- The number of those willing to consult a doctor via a webcam or the internet for a minor illness is up by 20% on last year, with 69% of Brits willing to try online consultations to save travelling and waiting time. A fifth still think that digital consultations would ‘feel weird’.
- The UK is among the least willing nationalities to embrace apps to track their treatment by a doctor, with data security a major concern. British respondents are also the most concerned about digitising large parts of their health data, with 16% believing there was no need for it, compared with a 9% average. Only a third are happy for sick notes and vaccination certificates to be delivered digitally but almost half are happy to receive digital reminders of medical appointments.
- Most Brits (85%) are in favour of compulsory vaccination – the sixth highest of the 12 countries surveyed – despite a below average knowledge of the diseases that can be vaccinated against. Just 2% believe vaccinations did not work.
- Those in the UK are more poorly informed than their European neighbours about genetic links to diseases such as breast cancer, osteoporosis, Parkinson’s disease, depression and cardiovascular conditions. More than a third (36%) were unable to say which diseases were most affected by predisposition and genetics, the highest figure in the survey. More than half (51%) would be open to changing their genes if tests showed they were likely to suffer a serious illness.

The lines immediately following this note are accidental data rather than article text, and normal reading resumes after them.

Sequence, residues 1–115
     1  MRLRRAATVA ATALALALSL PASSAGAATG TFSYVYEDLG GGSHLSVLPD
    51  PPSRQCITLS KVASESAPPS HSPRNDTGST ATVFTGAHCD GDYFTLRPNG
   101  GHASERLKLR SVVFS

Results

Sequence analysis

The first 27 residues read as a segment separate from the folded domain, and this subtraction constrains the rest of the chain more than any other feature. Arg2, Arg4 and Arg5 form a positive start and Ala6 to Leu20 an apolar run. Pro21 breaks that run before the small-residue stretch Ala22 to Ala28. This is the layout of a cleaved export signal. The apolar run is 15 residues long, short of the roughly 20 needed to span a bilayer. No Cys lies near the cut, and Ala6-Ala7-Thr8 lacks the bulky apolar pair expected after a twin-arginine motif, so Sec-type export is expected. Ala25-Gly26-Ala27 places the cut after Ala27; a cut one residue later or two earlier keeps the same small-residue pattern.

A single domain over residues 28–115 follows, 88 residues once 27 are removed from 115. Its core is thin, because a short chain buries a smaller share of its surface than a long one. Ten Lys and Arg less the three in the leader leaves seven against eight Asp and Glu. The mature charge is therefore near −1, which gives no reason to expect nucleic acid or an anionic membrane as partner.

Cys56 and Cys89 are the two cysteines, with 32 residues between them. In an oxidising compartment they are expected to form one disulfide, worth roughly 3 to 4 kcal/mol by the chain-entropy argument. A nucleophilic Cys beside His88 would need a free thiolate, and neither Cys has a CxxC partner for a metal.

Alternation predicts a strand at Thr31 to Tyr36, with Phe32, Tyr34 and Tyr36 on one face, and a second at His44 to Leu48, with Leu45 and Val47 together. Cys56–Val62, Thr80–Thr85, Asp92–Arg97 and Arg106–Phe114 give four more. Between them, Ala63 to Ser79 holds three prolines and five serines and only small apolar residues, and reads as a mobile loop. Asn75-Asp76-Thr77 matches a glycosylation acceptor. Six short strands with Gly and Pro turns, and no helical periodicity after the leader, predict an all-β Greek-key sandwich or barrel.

Roger Scarlett-Smith, Executive Vice President of Thornton & Ross, said: “It comes as no huge surprise that this study shows the very deep gratitude that the people of the UK have for the NHS, particularly in the wake of the coronavirus pandemic.
“It is clear that the future of healthcare will be significantly impacted as a result of the outbreak, illustrated by the distinct shift in attitude towards online consultations despite reservations about data security. This step change in people’s acceptance of digital medical interactions, is very much in line with the trends we are seeing in e-commerce and in consumers taking responsibility for self-care.
“The insight this report provides will play an essential role in enabling us to understand people’s concerns and wishes, ensuring we continue to be at the forefront across the healthcare spectrum, from consumer healthcare products to cancer medicine.”